[redacted] In light of the strong privacy interests advanced by the Government in support of its request to seal the Addendum, the Court finds that this factor weighs in favor of maintaining the Addendum under seal.

5. The Possibility of Prejudice to Those Opposing Disclosure

The possibility of prejudice refers to "whether disclosure of the documents will lead to prejudice in future litigation to the party seeking the seal." Friedman, 672 F.Supp.2d at 60. Here, neither party alleges that disclosure of the Addendum would have an effect on future litigation. As such, the Court finds that this factor is neutral.

6. The Purposes for Which the Documents were Introduced

Finally, the Court must consider the purpose for which the documents in question were introduced. The more relevant a pleading is to the central claims of the litigation, the stronger the presumption of unsealing the pleading becomes. See Durham, 818 F.Supp.2d at 69 (explaining that "there is less of a pressing concern to unseal pleadings if they are not relevant to the claims," for example, if they were not used at trial or relied upon by the trial judge in his or her decision). This factor "focuses on the [movant's] purpose of filing his pleadings and nothing further." Id. Here, the Government has filed the Addendum to support its position as to Defendant's sentence and the Addendum is central to this issue. As such, the Court finds that this factor weighs in favor of permitting public access to the Addendum.

7. Conclusion

After weighing the six Hubbard factors, the Court concludes that the Government has overcome the presumption in favor of public access to the Addendum. Indeed, here the Government has advanced two strong and compelling interests that out-weigh the common law qualified right of access to the Addendum. In sum, after considering both the First Amendment qualified right to access and the common law qualified right to access, the Court shall grant the Government's request to seal its Addendum.4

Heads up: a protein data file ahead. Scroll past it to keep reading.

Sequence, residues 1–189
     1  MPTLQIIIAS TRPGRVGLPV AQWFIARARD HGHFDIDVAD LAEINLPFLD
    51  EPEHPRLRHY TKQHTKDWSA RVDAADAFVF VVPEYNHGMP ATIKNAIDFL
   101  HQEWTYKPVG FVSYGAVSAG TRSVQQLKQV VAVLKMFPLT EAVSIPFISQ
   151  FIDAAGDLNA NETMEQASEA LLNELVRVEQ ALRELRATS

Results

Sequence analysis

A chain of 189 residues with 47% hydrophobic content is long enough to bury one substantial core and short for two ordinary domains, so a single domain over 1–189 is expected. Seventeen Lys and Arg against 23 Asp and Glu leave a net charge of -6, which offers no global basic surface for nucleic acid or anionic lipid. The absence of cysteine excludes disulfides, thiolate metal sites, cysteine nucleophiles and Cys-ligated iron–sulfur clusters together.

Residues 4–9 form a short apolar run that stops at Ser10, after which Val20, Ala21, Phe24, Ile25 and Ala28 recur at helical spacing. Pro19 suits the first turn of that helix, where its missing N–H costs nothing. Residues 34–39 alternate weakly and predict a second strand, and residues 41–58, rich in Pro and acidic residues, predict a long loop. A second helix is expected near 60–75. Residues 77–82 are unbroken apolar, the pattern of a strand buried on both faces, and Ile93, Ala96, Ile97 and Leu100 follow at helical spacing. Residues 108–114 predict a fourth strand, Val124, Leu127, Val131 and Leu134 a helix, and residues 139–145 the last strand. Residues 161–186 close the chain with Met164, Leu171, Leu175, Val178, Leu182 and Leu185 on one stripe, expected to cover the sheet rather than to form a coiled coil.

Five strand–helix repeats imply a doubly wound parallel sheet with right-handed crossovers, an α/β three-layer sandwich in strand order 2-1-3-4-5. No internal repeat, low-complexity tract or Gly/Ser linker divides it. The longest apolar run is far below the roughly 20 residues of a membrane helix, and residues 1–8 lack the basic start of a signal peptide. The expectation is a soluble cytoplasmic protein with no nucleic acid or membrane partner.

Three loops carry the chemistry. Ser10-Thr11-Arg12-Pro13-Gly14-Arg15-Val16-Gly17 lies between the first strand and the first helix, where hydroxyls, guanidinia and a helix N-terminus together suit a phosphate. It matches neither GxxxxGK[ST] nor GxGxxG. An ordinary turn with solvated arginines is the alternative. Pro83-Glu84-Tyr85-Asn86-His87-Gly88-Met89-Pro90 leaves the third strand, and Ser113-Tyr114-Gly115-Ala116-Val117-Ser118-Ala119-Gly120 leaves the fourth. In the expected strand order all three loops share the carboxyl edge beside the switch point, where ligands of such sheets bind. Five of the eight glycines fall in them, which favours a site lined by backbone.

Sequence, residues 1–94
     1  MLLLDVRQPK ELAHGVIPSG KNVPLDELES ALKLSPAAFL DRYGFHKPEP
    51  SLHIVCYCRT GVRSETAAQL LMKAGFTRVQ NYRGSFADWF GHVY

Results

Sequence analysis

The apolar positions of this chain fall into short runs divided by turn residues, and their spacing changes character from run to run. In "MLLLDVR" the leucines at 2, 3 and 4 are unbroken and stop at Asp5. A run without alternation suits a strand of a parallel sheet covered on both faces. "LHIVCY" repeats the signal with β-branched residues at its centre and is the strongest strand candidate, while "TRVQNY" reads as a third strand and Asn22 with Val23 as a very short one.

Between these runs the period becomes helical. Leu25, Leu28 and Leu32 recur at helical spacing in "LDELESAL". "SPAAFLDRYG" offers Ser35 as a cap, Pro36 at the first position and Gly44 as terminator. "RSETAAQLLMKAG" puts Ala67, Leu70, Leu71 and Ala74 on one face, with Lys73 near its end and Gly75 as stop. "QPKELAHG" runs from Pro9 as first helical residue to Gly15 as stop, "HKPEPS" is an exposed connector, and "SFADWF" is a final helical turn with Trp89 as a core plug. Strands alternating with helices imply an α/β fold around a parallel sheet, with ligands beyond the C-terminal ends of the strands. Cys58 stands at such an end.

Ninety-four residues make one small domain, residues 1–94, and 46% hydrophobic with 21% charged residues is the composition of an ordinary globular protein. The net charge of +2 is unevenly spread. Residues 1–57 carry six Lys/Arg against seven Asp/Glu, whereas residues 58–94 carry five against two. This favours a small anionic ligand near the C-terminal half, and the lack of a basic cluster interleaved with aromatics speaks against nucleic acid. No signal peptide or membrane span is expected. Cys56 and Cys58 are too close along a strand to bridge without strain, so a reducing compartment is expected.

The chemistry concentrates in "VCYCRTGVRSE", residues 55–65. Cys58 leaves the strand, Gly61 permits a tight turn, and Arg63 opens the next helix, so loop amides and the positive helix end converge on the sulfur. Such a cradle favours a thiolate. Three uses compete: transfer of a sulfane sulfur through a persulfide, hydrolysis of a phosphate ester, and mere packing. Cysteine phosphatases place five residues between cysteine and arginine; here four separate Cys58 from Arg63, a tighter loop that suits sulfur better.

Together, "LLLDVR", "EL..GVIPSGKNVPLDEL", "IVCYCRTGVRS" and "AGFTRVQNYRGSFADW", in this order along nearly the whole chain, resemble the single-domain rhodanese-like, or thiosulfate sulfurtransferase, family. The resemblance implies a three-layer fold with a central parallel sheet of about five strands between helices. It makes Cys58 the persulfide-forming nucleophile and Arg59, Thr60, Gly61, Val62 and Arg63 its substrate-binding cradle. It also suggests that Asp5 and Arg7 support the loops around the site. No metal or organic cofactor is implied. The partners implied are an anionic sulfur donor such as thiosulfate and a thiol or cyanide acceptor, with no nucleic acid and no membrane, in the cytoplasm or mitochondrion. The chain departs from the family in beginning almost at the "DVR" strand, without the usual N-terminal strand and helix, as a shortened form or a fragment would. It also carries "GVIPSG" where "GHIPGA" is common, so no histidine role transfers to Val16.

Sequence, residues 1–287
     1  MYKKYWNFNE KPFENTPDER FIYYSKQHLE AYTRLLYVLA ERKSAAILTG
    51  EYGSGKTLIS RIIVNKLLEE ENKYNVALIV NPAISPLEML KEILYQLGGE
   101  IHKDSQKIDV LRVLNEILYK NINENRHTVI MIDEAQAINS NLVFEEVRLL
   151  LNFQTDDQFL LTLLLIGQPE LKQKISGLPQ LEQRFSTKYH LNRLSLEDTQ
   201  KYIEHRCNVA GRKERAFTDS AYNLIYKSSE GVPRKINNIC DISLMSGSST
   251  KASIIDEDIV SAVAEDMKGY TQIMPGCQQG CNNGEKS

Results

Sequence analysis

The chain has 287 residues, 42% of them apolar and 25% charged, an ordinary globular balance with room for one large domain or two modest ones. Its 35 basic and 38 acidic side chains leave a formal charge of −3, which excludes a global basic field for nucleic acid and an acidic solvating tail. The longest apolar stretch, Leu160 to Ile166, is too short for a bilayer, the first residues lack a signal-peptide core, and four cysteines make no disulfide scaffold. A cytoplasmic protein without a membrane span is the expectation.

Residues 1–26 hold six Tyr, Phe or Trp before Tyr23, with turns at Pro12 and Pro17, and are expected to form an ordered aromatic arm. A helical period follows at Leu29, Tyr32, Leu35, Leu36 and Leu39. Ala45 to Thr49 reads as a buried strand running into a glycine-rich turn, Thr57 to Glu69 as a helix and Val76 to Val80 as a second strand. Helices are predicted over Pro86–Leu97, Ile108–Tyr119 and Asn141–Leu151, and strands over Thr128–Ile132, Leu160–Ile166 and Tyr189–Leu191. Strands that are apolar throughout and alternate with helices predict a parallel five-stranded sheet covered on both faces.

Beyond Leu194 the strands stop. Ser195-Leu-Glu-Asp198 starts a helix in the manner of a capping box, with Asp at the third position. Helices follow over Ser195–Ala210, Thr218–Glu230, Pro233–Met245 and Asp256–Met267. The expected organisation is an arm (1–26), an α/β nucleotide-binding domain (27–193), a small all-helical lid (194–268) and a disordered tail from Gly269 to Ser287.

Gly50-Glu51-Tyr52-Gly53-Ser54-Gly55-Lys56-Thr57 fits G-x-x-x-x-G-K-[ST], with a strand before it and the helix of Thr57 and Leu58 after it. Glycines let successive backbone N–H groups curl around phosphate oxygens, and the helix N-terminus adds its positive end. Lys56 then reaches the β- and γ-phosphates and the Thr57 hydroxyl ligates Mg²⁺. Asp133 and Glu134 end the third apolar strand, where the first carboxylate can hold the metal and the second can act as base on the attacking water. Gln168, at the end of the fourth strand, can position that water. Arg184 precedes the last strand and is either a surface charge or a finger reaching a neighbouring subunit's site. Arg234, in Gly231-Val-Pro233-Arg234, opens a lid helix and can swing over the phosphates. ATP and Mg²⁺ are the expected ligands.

III. CONCLUSION

For the foregoing reasons, the Court GRANTS IN PART and DENIES IN PART the Government's [62] Motion for Leave to File Under Seal the Government's Addendum to its Memorandum in Aid of Sentencing. Specifically, the following documents shall be entered on the docket under seal: the Government's [62] Motion for Leave to File Under Seal Its Addendum to Government's Memorandum in Aid of Sentencing; the Government's [62-2] Sealed Addendum to Its Memorandum in Aid of Sentencing; and the unredacted version of the instant Memorandum Opinion. A redacted version of the instant Memorandum Opinion and the accompanying Order shall be entered on the public docket.

An appropriate Order accompanies this Memorandum Opinion.

FootNotes


1. While the Court renders its decision today on the record as a whole, its consideration has focused on the following documents: Govt.'s Mot. for Lv. to File Under Seal the Govt.'s Addendum to its Mem. in Aid of Sent'g ("Govt.'s Mot."), ECF No. [62]; Govt.'s Sld. Addendum to its Mem. in Aid of Sent'g ("Govt.'s Sld. Addendum"), ECF No. [62-2]; Def.'s Praecipe, ECF No. [65].
2. The Court notes that the Government indicated in its Memorandum in Aid of Sentencing that it filed an Addendum and the Motion at issue under seal. Govt.'s Mem. in Aid of Sent'g & Mot. for Downward Departure at 17 n. 11, ECF No. [61]. As such, the Court's issuance of its Redacted Memorandum Opinion and Order on the public docket notifies the public that the Motion has been resolved and that the Addendum will remain under seal until further Order of the Court.
3. For the purposes of its analysis, the Court treats the Addendum as a sentencing memorandum. In essence, the Addendum, while a separate document, provides the information that would otherwise be provided in the Government's Memorandum in Aid of Sentencing. However, the Government submitted this information in the Addendum and requests that the whole Addendum be sealed rather than incorporating the information into one document and asking that the public version of that document be redacted.
4. As the Government points out, there was litigation pending before Chief Judge Beryl A. Howell brought by one media entity seeking disclosure of search warrant materials related to the Government's investigation. See In the Matter of the Application of WP Company LLC d/b/a The Washington Post for Access to Certain Sealed Records, 16-mc-351 (BAH). However, on August 18, 2016, Chief Judge Howell denied the media entity's request for additional unsealing and closed the matter.